Montgomery council halves Leggett’s rapid transit request -- Gazette.Net


Only half of the $1 million Montgomery County Executive Isiah Leggett (D) requested to study bus rapid transit this year will head his way.

Council members on Tuesday supported a committee recommendation to provide the executive $450,000 from the general fund to study BRT in the current fiscal year, plus $50,000 more to hire a manager to oversee the studies.

Critical that Leggett was requesting money ahead of council support for a BRT system, the council’s Transportation Energy Infrastructure and Environment Committee previously recommended the nine-member council provide the executive only a portion of his request.

Leggett asked for money to study six aspects of adding a rapid transit system including: integration of Ride On and Metrobus, pedestrian and bicycle access to stations, signal priority, park and ride, organizational structures, and right of way and operational agreements with the state.

With the planning board working on the highway master plan for the council to consider this fall, only the integration of Ride On and Metrobus and signal priority warranted immediate funding at this point, Deputy Council Staff Director Glenn Orlin advised the committee on Jan. 17. The other studies should wait for the master plan, he advised.

Councilman Craig L. Rice unsuccessfully proposed Tuesday also giving Leggett the $150,000 he requested to study park and ride.

“It kicks the can down the road, because we are going to have this discussion again,” Rice (D-Dist. 2) of Germantown said of delaying the study.

Concerned with protecting county dollars already allocated for upcounty park-and-ride projects, Rice proposed giving Leggett his request to avoid creating competing interests.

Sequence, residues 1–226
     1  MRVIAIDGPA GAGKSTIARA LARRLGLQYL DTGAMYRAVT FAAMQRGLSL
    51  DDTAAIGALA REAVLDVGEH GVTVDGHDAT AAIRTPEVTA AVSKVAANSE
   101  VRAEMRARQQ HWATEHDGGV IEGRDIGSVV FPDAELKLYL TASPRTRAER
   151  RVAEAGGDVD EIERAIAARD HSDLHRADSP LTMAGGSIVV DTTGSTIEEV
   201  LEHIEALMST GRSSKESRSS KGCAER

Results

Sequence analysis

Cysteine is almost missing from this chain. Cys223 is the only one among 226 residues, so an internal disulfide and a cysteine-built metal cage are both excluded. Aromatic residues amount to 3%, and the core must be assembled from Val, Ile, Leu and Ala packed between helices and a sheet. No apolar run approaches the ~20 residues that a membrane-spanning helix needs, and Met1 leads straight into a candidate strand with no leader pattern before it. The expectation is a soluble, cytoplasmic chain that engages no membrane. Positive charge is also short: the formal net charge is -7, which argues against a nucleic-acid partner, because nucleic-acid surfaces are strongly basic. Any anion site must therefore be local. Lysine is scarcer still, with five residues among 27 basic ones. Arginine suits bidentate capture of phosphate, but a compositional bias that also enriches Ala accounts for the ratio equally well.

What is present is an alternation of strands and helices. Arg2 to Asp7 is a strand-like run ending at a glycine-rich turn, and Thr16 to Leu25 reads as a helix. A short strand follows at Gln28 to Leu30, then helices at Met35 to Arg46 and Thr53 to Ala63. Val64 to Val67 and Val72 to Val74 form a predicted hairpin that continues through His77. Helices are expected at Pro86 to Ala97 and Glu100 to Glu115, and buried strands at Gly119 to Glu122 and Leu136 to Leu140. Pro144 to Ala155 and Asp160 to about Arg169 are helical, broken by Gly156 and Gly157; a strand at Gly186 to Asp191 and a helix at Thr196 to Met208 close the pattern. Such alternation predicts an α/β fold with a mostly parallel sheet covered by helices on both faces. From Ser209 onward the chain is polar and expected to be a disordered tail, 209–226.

Fearing the council was being “penny-wise and pound foolish,” Councilman Marc B. Elrich cautioned that attempting to save $500,000 by delaying most of Leggett’s request threatens to inflate the total cost of a BRT system.

Inflationary costs will make the effort Tuesday seem trivial and the $500,000 look like “chump change,” Elrich (D-At large) of Takoma Park said.

“And yet, now we are quibbling over a half-million dollars to do various studies to make sure that if we launch this we do it right,” Council President Roger Berliner (D-Dist. 1) of Bethesda said. “I personally don’t get it. I personally believe we ought to give the benefit of the doubt here to the county executive and his people, who said we need to do every one of these studies if we are going to move forward with a rapid transit system.”

On Jan. 17, executive staff said the studies Leggett requested, if started this year, would enable Montgomery to launch a rapid transit system as early as 2020.

“We need to start to do something to implement these particular studies, these particular actions, so that we can go ahead and be ready to implement this system right away,” county transportation director Arthur Holmes said.

Assistant Chief Administrative Officer Tom Street told the council Tuesday that the money would fund overarching studies and provide essential information for conceptual plans that are to follow as the county looks to proceed with the first phase of the Transit Task Force’s May 2012 recommendation to build a 160-mile network of BRT corridors.

But Councilwoman Nancy Floreen (D-At large) of Garrett Park criticized the executive for moving out of order, putting an appropriation request before a council decision to even build a BRT system.

“I’ve got a lot of problems with what the county executive sent over,” she said. “This is the bus before the master plan decision. Next year, maybe, bring this to us.”

Floreen was the lone opposing vote to awarding Leggett half of his request.

The council had previously approved BRT in three corridors: the Corridor Cities Transitway, which connects Shady Grove to Clarksburg; Georgia Avenue from Olney to Glenmont; and Veirs Mill Road, deputy transportation director Al R. Roshdieh said on Jan. 17.

In his current request, the executive is asking for more studies applicable to those corridors, Roshdieh said.